21 Jan 2010:
Pollution from Asia
Boosts Ozone Levels in Western U.S.
Ozone and smog produced in China and southeast Asia is being blown across the Pacific Ocean on springtime winds and is increasing levels of ozone in the skies above the western U.S.
, according to a study published in the journal Nature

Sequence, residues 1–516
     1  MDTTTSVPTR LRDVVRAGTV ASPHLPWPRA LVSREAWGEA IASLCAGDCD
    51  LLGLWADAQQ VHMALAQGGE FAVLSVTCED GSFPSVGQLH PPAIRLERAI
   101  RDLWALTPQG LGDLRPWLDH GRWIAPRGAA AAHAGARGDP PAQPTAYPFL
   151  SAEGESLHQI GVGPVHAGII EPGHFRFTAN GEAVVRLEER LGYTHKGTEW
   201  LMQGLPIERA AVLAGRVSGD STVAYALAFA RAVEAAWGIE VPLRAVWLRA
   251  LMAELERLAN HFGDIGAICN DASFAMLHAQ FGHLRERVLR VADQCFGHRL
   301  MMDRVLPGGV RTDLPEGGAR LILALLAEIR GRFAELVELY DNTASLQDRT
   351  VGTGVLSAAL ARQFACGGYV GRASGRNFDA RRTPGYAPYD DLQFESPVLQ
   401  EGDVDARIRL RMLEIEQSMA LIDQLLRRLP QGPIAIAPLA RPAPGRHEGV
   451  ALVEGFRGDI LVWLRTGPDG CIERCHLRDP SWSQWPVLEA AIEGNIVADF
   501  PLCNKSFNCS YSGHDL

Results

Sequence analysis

. The study, which examined 100,000 measurements taken by airplanes two to five miles above the ground, helps explain why background levels of ozone have increased by roughly 30 percent in the western U.S. since 1984, even as ground level ozone has dropped because cities and states have adopted stricter pollution control measures. Independent experts said the study showed the growing impact of cross-border pollution and noted that smog wafting from Asia could complicate efforts by the U.S. Environmental Protection Agency to reduce ozone pollution by up to 20 percent. Owen R. Cooper, a University of Colorado atmospheric chemist who led the study, said that ozone levels above the western U.S. doubled when prevailing winds blew from south and east Asia in the spring. Using computer programs that compared measurements taken in the U.S. with wind patterns from Asia, the scientists traced a significant percentage of the ozone pollution to Asian countries.
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